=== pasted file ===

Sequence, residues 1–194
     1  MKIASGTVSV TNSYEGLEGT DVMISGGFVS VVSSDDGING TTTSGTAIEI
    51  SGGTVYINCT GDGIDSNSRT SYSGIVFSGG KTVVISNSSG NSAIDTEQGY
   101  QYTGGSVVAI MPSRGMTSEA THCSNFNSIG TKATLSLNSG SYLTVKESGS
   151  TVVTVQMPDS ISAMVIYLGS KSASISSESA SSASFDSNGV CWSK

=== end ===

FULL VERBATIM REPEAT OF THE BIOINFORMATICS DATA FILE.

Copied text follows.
Sequence, residues 1–194
     1  MKIASGTVSV TNSYEGLEGT DVMISGGFVS VVSSDDGING TTTSGTAIEI
    51  SGGTVYINCT GDGIDSNSRT SYSGIVFSGG KTVVISNSSG NSAIDTEQGY
   101  QYTGGSVVAI MPSRGMTSEA THCSNFNSIG TKATLSLNSG SYLTVKESGS
   151  TVVTVQMPDS ISAMVIYLGS KSASISSESA SSASFDSNGV CWSK